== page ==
Homily for Ordinary Sunday 15B

In Uncategorized on July 12, 2009 at 9:59 am

You know that as a preacher you’re in trouble
when you come across commentators who say things like:
I have never heard nor preached a sermon on the passage, and for good reason.
Things don’t improve greatly when you read on and are told:
You can put your ear to the ground and listen as hard as you can,
but you will not detect a single note of authentic joy or hope
anywhere in the vicinity.
What you will hear is a sordid tale of anger and revenge, resentment and death.

The Lectionary, the Sunday cycle of readings
that takes us through the Gospels and other parts of Scripture
every three years
doesn’t let us off difficult passages, hard sayings, sordid tales.
The discipline of the Lectionary is that sometimes we have to mine a little deeper,
work a little harder,
to hear “what the Spirit is saying to the Church”.

On the face of it,
the story of the beheading of John the Baptist is hardly uplifting.
It is a story that seems to intertwine inappropriate relationships
with manifest injustice.
None of the protagonists looks good from beginning to end:
Herod has imprisoned John
for his criticism of his affair and marriage with his sister in law.
She, Herodias clearly wants and wanted John terminally silenced.
Herod vacillates, partly afraid and partly captivated by his prisoner:
his peculiarity, his piety, his popularity.
The step-daughter, niece, also called Herodias, dances –
in what manner we can only speculate
– for Herod and his guests,
and the ruler bombastically promises her anything she desires,
up to half his kingdom.
And on mother’s demand, she asks for John’s head.
Herod is clearly torn, but a promise was a promise
and a ruler could have nothing without honour before his friends.
The Mediterranean world was built on a system of honour and shame.
The irony should not be lost on us that,
just as a prophet was without honour in his hometown last week,
so it is on honour’s account that Herod has John murdered.

On a very simple level, it’s a cautionary tale.
Bad behaviour, ignoring the call to repent and re-order relationships,
painting yourself into a corner
and having your hand forced by a foolish promise…
We have little but contempt for Herod.

But that whole story merely sets the scene.
Because nearly all that gospel reading is actually the back-story.
The more powerful message is that in death, as in life,
John the Baptiser is a parable at work,
a prophet, and a pointer to the truth of God in Christ Jesus.

Herod, racked by guilt and fear, sees Jesus as John come back to haunt him.
John has huge power over Herod.
The weakness of the would-be powerful is profoundly exposed.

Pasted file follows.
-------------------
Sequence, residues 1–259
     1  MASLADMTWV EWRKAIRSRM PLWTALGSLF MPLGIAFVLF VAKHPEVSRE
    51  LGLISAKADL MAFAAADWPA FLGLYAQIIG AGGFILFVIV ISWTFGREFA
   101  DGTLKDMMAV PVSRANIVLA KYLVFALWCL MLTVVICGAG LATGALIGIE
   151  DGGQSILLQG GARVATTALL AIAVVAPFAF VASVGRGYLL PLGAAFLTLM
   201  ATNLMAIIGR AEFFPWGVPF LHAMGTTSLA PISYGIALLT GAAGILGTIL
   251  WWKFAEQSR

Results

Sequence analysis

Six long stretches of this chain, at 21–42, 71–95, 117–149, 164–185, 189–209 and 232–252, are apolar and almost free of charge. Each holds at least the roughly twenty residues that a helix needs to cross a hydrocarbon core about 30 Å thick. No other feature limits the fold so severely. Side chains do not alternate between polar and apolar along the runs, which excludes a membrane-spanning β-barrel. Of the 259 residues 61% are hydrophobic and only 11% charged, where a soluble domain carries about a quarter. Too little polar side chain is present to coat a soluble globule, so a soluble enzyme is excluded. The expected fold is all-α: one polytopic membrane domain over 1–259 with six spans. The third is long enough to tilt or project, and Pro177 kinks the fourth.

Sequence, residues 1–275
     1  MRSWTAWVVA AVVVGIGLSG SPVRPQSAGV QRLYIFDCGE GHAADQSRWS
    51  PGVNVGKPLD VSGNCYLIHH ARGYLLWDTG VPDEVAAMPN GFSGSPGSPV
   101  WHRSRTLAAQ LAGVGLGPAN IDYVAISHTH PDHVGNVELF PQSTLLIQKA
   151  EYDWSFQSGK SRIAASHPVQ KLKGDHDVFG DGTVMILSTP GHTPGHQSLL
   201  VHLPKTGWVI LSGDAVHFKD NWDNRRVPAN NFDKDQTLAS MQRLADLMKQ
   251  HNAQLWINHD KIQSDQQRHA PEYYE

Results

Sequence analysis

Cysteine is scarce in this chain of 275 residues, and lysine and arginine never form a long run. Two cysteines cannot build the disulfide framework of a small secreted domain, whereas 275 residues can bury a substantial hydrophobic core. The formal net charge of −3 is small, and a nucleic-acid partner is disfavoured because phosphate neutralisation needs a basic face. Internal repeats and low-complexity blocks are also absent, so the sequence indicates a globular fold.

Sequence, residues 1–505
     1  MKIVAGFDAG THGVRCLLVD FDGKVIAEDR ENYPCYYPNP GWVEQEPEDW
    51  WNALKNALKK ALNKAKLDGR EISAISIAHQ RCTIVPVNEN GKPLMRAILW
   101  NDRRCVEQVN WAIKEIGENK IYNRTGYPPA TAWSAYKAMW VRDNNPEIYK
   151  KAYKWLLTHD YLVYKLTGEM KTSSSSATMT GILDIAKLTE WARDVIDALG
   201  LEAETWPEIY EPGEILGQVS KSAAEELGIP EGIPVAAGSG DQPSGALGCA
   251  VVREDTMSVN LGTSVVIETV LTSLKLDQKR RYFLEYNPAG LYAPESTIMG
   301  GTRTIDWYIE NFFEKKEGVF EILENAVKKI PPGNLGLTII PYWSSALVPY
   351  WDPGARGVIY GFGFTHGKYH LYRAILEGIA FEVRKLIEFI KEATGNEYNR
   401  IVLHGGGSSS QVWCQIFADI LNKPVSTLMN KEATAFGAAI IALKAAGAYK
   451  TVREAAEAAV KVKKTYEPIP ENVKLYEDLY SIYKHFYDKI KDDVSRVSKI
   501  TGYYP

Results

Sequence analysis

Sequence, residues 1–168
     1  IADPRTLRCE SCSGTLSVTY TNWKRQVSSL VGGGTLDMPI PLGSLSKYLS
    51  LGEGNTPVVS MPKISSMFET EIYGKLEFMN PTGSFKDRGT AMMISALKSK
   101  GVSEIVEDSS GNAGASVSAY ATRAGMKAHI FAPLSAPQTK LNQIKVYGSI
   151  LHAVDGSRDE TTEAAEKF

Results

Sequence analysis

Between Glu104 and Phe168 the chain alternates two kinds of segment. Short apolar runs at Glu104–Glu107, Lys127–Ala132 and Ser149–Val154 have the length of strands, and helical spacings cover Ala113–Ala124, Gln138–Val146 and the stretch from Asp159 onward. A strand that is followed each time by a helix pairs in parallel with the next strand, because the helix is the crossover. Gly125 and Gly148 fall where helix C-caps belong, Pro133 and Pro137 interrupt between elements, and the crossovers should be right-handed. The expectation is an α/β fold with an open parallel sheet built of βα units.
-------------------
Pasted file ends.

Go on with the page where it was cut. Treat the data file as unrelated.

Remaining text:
The emperor, petty local variant though he may be,
has no clothes.

Even from beyond the grave,
it is the witness and the truth of John’s words
that have Herod looking over his shoulder.
So much so that he sees in Jesus, John.

The truth will not die.
If we dare to speak it.
And whether it is in the guise of John or Jesus or Elijah
or a thousand political prisoners, or you and me,
the truth of God demands to be told.
Is the “truth” something we are committed to?
Or is it a malleable, pliable, blurry substance
that can be created and reshaped as our context and our conscience let us?
How many of us live in a world were sometimes the easy lie
is more acceptable than the hard truth?
A little lie can be so much more seductive that the big truth.

We. You and I,
are the heirs of John and the disciples of Jesus.

We are called to be critical, to be engaged,
to be listening for and even to be speaking truth.

And not just a narrow, spiritualised, morality-based truth.
I believe – and I see in John and Jesus
and the prophetic traditions of the Old Testament this absolutely played out –
that we are called to stand before the powerful
and talk not just about personal relationships and peccadillos
but about justice and economics and the values of the Kingdom of God.

And do all of that, knowing that that will not endear us to them.
But, remember that other soundbyte from the gospels
on the subject of truth –
and it applies both to the dispossessed and to the powerful –
“the truth will make you free”.

There are people in our midst who are not free,
because of truths they cannot tell about themselves,
because of structures and prejudices that belittle them,
because of words we are too afraid or unwilling to utter in their defence.

There are countless peoples in this world
whose captivity is economic or literal,
sometimes cultural or in the apprehension of others.
To all those languishing in prisons of their own or others’ making,
dare we have the courage to make the legacy of the prophet our own?

Dare we discover how subversive our faith really is?

The truth will not die.
Rather it resonates in history and in heaven,
with the one, the only Truth, the “I am” of the Godhead.


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